LET IT be recorded for posterity: New Jersey Gov. Chris Christie’s support for granting “tuition equality” to the state’s undocumented immigrants spanned precisely 44 days. His support for the idea was born Oct. 12 and lasted through his Nov. 5 reelection victory, when he managed to win just more than half the Hispanic vote. It died abruptly on Nov. 25, as Mr. Christie pivoted from New Jersey’s general election to his preparations for the 2016 Republican primaries. On to Iowa!
The governor’s 44 days of enlightenment encapsulates perfectly his party’s dilemma on the issue of illegal immigration. At least in the view of Republican candidates, any effort to court Hispanics, a vital and growing segment of the electorate, risks infuriating GOP primary voters.
Mr. Christie’s flip-flop has been accompanied by some artful squirming. When he first shifted his long-standing opposition to helping undocumented youngsters afford a college education if they were educated in New Jersey schools, he said he wanted to ensure “there’s tuition equality for everybody in New Jersey.”
Now he says a bill passed by the state Senate that would do just that — the very same bill that was pending when he embraced tuition equality in October — is a legislative overreach and “unsignable.”
His objections include that it would make undocumented immigrants eligible not just for in-state tuition but also for state financial aid and that out-of-state students attending New Jersey boarding schools would also qualify for in-state tuition if they attended college in New Jersey. (This would apply to a minuscule number.)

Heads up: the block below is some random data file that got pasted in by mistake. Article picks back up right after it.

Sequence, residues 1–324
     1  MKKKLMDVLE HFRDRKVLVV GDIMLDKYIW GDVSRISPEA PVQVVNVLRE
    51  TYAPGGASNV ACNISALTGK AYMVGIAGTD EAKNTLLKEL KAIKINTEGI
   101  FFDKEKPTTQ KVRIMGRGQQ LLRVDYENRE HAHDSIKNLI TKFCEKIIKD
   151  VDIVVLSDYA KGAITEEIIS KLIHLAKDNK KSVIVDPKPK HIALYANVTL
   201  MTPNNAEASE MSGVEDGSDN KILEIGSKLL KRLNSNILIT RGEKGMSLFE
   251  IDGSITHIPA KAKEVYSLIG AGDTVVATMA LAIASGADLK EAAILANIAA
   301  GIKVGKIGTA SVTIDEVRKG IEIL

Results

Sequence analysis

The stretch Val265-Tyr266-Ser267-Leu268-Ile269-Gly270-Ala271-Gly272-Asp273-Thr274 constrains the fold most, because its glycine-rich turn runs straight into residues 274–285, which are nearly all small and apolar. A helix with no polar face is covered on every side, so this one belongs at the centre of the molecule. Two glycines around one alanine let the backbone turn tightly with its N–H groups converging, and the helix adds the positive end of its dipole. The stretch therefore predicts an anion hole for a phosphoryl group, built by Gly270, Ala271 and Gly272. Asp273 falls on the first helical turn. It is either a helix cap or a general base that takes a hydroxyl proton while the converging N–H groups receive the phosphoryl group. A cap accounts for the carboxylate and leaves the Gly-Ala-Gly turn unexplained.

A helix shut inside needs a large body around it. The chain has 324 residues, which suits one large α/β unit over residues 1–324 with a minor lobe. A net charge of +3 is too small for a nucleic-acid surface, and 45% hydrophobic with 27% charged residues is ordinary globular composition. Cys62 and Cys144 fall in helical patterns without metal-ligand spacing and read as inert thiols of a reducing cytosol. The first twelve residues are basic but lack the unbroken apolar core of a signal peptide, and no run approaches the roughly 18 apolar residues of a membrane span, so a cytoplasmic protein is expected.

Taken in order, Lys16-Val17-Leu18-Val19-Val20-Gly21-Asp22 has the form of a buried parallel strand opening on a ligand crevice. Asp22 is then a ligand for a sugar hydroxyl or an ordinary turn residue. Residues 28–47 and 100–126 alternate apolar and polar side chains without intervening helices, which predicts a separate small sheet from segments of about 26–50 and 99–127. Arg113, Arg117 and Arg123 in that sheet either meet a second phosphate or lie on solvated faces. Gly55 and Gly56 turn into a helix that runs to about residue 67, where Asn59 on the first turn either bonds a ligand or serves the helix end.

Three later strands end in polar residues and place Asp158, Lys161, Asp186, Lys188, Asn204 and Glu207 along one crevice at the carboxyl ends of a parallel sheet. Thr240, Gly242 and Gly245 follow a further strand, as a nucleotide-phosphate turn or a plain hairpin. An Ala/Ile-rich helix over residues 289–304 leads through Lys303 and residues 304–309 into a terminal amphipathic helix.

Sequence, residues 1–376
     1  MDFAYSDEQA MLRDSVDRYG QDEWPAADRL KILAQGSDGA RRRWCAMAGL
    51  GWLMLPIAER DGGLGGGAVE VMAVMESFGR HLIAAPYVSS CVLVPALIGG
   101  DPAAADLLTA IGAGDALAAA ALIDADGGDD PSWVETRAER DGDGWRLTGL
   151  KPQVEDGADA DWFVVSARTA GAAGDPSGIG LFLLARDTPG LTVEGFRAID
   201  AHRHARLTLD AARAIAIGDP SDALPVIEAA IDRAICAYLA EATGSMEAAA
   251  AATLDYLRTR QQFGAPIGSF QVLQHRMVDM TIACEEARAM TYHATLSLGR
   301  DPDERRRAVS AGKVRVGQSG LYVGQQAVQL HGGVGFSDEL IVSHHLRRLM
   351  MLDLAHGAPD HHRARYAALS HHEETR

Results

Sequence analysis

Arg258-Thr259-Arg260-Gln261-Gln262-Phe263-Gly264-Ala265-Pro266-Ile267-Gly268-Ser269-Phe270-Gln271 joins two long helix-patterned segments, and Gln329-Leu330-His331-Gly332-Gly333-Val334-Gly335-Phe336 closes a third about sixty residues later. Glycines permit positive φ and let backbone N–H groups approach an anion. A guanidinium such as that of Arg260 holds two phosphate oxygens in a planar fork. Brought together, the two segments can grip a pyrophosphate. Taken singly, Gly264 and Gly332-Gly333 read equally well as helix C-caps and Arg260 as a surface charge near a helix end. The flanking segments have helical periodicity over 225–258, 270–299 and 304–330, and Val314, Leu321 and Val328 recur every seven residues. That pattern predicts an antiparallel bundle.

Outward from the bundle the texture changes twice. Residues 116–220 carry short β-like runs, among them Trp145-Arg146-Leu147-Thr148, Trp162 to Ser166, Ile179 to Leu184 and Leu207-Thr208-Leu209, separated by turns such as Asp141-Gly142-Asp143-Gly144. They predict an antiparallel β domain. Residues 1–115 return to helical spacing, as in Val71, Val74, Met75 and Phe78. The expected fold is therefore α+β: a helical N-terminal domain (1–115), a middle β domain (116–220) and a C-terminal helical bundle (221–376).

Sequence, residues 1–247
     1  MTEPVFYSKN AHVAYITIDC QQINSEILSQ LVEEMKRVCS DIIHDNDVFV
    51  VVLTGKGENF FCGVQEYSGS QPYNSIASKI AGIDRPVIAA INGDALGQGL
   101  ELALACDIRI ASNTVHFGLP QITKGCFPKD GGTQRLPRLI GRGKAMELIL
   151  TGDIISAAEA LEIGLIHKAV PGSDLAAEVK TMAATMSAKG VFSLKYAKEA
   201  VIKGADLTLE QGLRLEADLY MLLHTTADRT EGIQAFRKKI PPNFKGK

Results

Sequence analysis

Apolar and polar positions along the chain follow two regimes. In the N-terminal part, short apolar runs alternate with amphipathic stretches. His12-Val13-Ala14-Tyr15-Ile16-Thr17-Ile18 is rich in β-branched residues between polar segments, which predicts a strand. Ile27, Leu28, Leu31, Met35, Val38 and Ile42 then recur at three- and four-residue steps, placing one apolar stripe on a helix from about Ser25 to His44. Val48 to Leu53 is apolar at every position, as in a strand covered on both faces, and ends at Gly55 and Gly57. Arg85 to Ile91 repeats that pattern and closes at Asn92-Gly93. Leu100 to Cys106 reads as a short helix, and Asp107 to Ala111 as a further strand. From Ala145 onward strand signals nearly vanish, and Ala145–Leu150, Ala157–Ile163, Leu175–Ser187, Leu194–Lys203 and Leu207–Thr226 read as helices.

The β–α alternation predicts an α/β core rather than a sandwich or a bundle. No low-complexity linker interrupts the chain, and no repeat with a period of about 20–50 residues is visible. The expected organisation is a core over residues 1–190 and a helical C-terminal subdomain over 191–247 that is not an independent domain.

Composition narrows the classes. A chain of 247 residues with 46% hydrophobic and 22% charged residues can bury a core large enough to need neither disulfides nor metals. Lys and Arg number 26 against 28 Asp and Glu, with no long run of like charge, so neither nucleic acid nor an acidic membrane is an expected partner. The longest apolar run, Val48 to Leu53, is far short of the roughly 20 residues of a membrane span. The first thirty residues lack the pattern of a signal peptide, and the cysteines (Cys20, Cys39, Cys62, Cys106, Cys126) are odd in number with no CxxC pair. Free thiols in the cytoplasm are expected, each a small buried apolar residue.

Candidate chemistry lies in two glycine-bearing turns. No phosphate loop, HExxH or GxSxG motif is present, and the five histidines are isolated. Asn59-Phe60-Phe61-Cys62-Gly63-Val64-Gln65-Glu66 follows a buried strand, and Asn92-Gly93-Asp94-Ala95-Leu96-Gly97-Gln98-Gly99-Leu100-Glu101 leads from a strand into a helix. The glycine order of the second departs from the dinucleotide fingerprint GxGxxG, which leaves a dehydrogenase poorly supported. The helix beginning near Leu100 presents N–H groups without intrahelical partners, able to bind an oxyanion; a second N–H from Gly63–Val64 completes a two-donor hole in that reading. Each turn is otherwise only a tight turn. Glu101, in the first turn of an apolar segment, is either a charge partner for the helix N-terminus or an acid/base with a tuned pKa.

Of course, Mr. Christie could have made those objections known in October. At the time, he expressed no reservations in backing tuition equality. Now it turns out that “equality,” to Mr. Christie, doesn’t really mean that undocumented immigrants be treated equally.
Mr. Christie said , “I don’t think this is any different position than I’ve had all along.” In fact, he has discovered reasons to oppose an idea that he embraced just weeks ago. We hope he’s artful enough to flip back one more time. It might help his credibility. It certainly would be the right thing for young people in New Jersey who want to contribute to what is, for most of them, the only country they have ever known.